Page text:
Everyone knows that London is a fashionable city. It is quite different from anywhere I’ve lived, and I decided to change my wardrobe accordingly when I moved. Chicago is quite a casual city, and in winter becomes a sea of black and brown when everyone moves into the winter shades. I wanted color, sophistication, and uniqueness.
My first step was to get rid of all my sweatpants. I have never seen a Londoner wearing sweatpants, even when walking to and from the gym. I used to live in sweatpants, wearing them everywhere from the shops to classes to restaurants. This is a big no-no in London. The proper leg covering for women is leggings, usually black, but occasionally patterned or other colors. After initially laughing at people wearing just leggings without a skirt or some other cover (the only people in the US who do this are pre-teens), I gave in and bought a few. I’ve found leggings to be rather versatile – I can wear them under a dress, and then change quickly for yoga classes; I can wear them under a heavy skirt for layering; and I can very quickly go from lounging to clubbing just by changing my shirt. (I do miss sweatpants, though, and brought some back just to wear around my flat. Nothing beats the coziness.)
Actress Kate Moss and friend in leggings, from CelebrityLeggings. Note that they’re wearing coats: it must be winter, and yet they lack real pants. Also note the footwear.
Next, I invested in a good pair of boots. This pleased me to no end – they’re leather, waterproof, and have a slight heel. However, I soon discovered that boots are not required winter wear. London does have a winter, with temperatures down to the 20s (Fahrenheit) and occasional snow, but Londoners seem to have developed a superhuman ability to ignore the weather completely. While bundled up in coat, scarf, hat, mittens, and boots, I’d often see girls wearing skirts, leggings, flats, and light jackets, basically dressed for early fall. I looked fashionable in my boots anyway, and avoided feeling cold and miserable. I notice quite often that Londoners dress inappropriately for the weather. On the same 30-degree day I saw young girls dressed for summer, as well as some wearing parkas and snow boots. The point: no matter what you wear in winter, you will never look out of place.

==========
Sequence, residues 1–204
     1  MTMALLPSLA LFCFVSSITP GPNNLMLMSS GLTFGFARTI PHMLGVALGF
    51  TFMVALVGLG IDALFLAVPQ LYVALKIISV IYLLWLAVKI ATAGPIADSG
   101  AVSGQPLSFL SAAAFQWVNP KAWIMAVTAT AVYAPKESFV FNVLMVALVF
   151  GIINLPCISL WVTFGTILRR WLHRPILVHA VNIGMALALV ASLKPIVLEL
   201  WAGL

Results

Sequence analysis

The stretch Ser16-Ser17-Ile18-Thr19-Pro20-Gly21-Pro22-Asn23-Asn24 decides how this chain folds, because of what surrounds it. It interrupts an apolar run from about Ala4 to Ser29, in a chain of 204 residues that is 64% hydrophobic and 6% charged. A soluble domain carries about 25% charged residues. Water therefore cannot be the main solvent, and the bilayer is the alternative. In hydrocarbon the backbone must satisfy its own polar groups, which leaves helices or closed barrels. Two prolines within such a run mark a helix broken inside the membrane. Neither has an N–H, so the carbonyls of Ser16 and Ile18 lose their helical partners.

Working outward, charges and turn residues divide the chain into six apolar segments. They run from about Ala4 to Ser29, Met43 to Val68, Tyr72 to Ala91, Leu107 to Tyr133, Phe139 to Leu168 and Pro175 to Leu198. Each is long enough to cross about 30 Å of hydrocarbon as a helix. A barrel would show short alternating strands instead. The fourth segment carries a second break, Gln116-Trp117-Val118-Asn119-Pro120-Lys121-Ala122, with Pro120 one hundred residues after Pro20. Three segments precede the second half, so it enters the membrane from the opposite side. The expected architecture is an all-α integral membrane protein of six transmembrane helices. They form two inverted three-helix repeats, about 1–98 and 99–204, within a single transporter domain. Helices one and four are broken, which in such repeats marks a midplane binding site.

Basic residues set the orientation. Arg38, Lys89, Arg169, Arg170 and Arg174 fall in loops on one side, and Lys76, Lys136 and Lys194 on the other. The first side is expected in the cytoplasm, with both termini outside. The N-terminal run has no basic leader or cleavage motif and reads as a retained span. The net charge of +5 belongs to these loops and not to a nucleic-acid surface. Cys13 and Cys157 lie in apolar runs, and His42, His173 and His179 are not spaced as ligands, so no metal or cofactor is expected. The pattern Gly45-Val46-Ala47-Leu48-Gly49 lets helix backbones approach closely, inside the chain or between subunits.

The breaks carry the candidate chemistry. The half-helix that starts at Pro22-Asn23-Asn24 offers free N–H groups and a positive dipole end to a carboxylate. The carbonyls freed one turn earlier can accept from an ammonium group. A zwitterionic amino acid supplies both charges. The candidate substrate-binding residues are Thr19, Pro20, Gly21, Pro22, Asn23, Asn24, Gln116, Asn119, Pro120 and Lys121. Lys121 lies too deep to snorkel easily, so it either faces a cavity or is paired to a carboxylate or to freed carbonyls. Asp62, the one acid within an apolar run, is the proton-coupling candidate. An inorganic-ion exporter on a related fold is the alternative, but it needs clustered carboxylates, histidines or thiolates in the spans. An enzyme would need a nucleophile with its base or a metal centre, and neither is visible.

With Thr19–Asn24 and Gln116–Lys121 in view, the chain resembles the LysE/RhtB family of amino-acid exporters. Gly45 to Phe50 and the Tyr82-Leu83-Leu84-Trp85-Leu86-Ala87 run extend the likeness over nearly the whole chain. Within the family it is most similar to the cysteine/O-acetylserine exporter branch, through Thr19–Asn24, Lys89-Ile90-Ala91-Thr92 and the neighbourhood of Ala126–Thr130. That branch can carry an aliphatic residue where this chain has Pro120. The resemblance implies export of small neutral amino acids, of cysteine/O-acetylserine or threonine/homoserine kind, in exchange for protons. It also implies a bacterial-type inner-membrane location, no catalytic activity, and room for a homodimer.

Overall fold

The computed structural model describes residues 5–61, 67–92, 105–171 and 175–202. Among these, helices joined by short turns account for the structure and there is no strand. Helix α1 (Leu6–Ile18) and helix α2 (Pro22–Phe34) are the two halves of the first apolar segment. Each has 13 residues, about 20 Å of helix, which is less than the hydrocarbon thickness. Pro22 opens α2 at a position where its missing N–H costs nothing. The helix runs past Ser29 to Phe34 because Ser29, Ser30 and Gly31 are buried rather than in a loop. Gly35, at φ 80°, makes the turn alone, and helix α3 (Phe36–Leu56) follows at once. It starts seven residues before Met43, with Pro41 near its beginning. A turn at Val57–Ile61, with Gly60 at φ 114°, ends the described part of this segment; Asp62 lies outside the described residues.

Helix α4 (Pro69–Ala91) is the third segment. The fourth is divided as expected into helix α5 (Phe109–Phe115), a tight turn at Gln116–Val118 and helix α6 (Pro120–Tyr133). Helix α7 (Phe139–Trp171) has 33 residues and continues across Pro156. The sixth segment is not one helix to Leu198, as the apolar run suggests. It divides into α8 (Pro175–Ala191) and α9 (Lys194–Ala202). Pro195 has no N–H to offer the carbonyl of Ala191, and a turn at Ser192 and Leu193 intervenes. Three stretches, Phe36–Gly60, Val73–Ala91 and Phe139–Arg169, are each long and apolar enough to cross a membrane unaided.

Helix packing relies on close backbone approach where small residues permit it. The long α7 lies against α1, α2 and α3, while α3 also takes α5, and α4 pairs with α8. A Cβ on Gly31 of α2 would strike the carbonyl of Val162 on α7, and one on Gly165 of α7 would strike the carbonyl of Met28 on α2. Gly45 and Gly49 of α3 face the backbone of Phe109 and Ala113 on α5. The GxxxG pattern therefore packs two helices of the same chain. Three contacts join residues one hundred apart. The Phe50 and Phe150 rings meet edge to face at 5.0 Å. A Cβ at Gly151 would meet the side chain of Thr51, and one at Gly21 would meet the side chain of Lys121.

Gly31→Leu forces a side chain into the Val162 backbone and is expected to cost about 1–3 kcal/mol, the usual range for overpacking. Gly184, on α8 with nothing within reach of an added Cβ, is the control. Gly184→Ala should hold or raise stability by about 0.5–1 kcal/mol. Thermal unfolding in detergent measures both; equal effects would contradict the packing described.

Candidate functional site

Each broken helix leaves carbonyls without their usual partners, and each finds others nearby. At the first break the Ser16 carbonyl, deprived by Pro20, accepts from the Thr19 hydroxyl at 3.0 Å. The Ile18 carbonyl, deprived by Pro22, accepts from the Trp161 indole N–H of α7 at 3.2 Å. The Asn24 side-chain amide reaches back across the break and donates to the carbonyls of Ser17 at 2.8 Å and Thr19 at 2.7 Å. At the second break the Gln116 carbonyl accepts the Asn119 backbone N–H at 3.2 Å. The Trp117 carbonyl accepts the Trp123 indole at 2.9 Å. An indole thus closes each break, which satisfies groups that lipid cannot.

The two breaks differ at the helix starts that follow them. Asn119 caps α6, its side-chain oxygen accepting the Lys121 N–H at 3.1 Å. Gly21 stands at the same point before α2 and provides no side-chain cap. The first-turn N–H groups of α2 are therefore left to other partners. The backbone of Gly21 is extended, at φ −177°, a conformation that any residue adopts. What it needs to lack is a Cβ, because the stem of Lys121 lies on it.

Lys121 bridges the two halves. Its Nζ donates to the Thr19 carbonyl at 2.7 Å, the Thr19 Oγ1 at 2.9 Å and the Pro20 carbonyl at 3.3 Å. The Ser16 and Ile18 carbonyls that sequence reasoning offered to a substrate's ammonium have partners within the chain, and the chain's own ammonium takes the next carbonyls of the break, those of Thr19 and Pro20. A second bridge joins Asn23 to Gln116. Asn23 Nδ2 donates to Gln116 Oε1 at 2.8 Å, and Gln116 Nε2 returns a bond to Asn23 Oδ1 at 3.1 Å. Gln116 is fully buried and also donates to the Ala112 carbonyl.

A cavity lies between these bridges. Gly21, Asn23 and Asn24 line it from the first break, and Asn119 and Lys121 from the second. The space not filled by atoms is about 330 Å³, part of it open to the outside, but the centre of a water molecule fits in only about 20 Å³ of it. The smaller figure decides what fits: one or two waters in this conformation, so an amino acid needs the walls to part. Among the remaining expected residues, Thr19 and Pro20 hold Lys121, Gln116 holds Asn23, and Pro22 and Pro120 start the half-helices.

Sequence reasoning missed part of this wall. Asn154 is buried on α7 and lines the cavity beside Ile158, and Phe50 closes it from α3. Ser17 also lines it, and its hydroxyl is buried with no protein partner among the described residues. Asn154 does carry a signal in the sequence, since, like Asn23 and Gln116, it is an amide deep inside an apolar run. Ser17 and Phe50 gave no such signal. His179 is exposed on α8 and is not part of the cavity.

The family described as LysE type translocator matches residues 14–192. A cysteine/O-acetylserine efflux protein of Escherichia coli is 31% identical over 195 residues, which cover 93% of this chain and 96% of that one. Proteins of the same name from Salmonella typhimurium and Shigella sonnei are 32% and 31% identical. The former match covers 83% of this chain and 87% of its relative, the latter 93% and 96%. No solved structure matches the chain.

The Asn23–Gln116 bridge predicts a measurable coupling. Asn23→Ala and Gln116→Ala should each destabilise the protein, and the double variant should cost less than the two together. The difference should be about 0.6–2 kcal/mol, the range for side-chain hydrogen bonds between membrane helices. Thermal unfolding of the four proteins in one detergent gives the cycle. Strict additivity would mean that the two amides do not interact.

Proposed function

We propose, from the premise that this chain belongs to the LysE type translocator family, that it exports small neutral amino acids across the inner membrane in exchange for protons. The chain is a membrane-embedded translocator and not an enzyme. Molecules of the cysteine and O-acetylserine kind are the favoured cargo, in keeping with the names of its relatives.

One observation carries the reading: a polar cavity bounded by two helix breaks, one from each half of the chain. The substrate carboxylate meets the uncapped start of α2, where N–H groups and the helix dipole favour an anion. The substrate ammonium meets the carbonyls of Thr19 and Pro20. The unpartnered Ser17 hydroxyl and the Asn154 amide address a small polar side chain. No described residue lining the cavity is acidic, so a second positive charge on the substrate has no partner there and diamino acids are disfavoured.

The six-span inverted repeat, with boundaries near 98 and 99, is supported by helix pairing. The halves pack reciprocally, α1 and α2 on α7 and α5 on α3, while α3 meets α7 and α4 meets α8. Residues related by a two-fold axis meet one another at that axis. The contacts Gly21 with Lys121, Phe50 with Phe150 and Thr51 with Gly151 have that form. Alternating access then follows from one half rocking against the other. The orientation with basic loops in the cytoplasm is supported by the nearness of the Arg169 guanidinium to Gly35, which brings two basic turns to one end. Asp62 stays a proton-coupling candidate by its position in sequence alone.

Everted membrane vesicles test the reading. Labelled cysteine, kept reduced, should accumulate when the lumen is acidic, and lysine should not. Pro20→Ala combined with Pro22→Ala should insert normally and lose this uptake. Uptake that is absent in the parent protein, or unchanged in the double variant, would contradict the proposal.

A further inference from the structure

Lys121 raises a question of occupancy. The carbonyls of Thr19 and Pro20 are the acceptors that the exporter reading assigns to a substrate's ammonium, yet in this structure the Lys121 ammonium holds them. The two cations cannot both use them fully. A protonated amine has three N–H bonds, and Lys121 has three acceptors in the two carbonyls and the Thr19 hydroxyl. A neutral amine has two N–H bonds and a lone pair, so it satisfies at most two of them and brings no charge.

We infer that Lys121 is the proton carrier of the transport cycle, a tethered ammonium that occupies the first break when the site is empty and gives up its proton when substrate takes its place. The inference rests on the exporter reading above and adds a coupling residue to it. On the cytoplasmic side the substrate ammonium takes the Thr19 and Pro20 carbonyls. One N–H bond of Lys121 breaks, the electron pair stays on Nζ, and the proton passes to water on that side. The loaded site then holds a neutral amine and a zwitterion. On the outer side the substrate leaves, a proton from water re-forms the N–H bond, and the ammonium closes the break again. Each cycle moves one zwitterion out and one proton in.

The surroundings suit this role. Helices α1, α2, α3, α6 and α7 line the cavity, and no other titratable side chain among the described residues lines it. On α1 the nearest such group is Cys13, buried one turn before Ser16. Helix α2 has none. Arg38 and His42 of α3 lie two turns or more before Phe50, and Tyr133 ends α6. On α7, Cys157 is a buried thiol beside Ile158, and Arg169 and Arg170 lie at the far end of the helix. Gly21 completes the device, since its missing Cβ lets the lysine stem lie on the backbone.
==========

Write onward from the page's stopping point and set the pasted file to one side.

I also bought some new dresses, expecting to be dressed up whenever I went out. This is not the case. Generally, I only dress up to go to bars or clubs. I was once dancing at a club in Soho and realized I was one of two women wearing jeans: the rest were all in skirts or dresses. However, I keep forgetting this and still frequently go out in what I lounge in all day, always ending up the least dressed up! There is a certain dress code for clubs, and it involves at least trying to look nice. For women, anything goes, and outfits range from jeans and a nice shirt to outrageous makeup and super high heels. Men are usually derided if they wear sneakers – a nice pair of jeans, a clean shirt, and good shoes is the bare minimum. These are only the guidelines for the places I frequent, but others are much more intense. I’ve seen girls queueing in winter for snazzy, expensive clubs wearing a uniform of tiny black dress, insanely high heels, and excessive eye makeup (note the lack of coats). I don’t understand the appeal of this, but to each her own.
Celeb Pixie Geldof and two well-dressed gentlemen at the London Fashion Awards. From Life.
In addition to learning new dress codes, I also had to learn new dress terminology. It still causes me buckets of trouble when I confuse “pants” and “trousers” – in the U.K., pants means underwear! This has led to quite a few embarrassing situations. Instead, say trousers or jeans. A sweater in the U.K. is a “jumper,” and a “playsuit” is not worn by children, but is more like a jumpsuit. Really, pants and trousers is the important one, and the only one that’ll make people laugh at you!